Mayiwalku May Chapman is a Manyjilyjarra woman born in 1940. She is the eldest sister of fellow Martumili Artists Nancy Nyanjilpayi (Ngarnjapayi) Chapman, Mulyatingki Marney and Marjorie Yates (dec.). Her mother was Warnman and her father was Manyjilyjarra. Mayiwalku was born to the East, in Yirnangarri, “where the two footprints lie”. Her family’s Country extends across the Punmu, Kunawarritji (Canning Stock Route Well 33) and Karlamilyi (Rudall River) regions. Following the death of both their parents, Mayiwalku and her sisters travelled alone between Punmu and Kunawarritji, occasionally meeting with other family groups. They later walked south into Karlamilyi, where they first saw a plane flying overhead. Petrified, they hid under spinifex grass until the plane had passed.
Following the construction of the Canning Stock Route in 1910, the family increasingly came into contact with Europeans and Martu working as cattle drovers along the route. Gradually men from Mayiwalku’s family began to work seasonally at stations around Jigalong, but as a family group they remained living in the desert long after most Martu had moved to Jigalong Mission. Finally, in 1966, following a prolonged and severe drought, Mayiwalku and her sisters made the decision to walk to Balfour Downs, where they were collected by Jigalong Mission staff.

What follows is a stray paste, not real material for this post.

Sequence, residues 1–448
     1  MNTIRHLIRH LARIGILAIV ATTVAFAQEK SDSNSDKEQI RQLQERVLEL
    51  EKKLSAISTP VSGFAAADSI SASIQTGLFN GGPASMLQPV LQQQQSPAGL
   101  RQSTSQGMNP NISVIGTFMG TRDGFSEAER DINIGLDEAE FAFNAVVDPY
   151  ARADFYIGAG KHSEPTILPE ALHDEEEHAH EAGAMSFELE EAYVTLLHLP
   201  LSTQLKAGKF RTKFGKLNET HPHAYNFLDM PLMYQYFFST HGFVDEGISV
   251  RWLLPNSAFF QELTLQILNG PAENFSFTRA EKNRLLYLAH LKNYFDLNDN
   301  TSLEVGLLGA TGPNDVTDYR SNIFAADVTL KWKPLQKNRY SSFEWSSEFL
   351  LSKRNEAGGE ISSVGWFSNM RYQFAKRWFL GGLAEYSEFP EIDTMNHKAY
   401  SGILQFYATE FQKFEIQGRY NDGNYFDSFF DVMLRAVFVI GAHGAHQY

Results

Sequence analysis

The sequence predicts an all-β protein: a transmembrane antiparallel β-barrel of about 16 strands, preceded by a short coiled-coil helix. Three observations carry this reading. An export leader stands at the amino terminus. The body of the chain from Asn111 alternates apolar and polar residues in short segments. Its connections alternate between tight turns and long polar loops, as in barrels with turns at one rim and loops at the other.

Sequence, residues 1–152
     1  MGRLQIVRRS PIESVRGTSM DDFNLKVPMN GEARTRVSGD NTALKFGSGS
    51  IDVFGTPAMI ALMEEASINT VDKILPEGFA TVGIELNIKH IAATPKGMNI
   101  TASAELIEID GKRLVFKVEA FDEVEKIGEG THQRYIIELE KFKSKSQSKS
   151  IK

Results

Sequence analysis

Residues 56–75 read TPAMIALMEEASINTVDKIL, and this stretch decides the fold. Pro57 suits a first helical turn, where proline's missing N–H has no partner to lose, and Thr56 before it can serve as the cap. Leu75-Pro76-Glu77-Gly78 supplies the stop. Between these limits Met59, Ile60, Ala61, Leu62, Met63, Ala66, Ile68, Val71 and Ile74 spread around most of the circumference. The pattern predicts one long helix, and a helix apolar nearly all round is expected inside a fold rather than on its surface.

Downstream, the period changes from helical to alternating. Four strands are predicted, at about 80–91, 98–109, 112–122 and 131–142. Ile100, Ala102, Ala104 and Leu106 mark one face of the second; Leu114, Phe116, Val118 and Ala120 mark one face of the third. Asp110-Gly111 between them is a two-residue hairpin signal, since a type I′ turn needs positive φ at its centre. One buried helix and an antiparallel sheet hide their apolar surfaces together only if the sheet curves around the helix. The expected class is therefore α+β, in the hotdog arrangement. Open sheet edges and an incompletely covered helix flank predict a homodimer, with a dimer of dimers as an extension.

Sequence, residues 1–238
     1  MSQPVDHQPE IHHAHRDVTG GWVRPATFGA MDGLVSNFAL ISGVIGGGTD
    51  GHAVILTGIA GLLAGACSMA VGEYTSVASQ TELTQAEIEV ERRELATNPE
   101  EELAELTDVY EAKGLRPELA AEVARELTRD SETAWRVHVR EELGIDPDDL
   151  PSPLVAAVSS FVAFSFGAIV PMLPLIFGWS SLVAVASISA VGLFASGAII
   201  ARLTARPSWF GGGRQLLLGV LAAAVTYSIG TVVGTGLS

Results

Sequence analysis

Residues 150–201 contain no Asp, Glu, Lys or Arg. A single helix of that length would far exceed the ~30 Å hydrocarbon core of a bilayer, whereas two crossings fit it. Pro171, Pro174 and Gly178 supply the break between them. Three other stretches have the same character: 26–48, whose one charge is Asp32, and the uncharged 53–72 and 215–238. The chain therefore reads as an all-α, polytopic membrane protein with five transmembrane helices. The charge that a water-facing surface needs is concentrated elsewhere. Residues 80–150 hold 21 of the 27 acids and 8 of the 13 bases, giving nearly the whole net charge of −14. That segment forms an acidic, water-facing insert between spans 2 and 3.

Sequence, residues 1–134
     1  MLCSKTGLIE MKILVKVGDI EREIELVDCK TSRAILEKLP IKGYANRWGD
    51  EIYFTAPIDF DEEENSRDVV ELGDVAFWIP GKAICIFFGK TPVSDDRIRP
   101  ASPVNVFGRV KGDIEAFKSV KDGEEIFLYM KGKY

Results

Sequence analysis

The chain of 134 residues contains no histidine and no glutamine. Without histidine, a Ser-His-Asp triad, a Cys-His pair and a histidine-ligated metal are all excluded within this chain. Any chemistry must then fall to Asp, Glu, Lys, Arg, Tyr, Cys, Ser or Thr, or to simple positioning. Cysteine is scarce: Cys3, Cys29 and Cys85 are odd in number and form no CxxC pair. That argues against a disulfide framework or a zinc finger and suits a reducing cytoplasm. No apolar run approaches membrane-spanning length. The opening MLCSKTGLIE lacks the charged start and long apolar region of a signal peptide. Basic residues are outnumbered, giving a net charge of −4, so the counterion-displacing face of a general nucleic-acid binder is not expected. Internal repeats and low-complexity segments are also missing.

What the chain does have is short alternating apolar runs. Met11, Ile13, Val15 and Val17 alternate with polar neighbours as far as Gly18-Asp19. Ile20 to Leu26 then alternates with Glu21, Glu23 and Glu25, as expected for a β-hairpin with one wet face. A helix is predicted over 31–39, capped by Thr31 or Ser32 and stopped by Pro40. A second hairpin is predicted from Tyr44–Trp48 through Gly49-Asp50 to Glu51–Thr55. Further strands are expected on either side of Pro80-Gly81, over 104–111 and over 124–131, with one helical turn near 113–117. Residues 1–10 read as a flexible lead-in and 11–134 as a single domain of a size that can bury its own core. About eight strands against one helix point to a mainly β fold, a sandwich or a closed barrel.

Mayiwalku lived for many years at Jigalong Mission before eventually relocating with her five children to Warralong, a community south east of Port Hedland. She continues to live in Warralong today with her daughter and equally renowned artist, Doreen Chapman. Mayiwalku was one of Martumili’s pioneering artists, and is highly regarded for her technically sophisticated works. Her paintings depict her ngurra (home Country, camp); the Country she walked as a young woman, its animals, plants, waterholes and associated Jukurrpa (Dreaming) narratives. Mayiwalku’s work has been exhibited widely across Australia and internationally, and acquired by the National Museum of Australia.
Emilia Galatis Projects
48 Chester Street
South Fremantle WA 6162
+ 61 421 839 545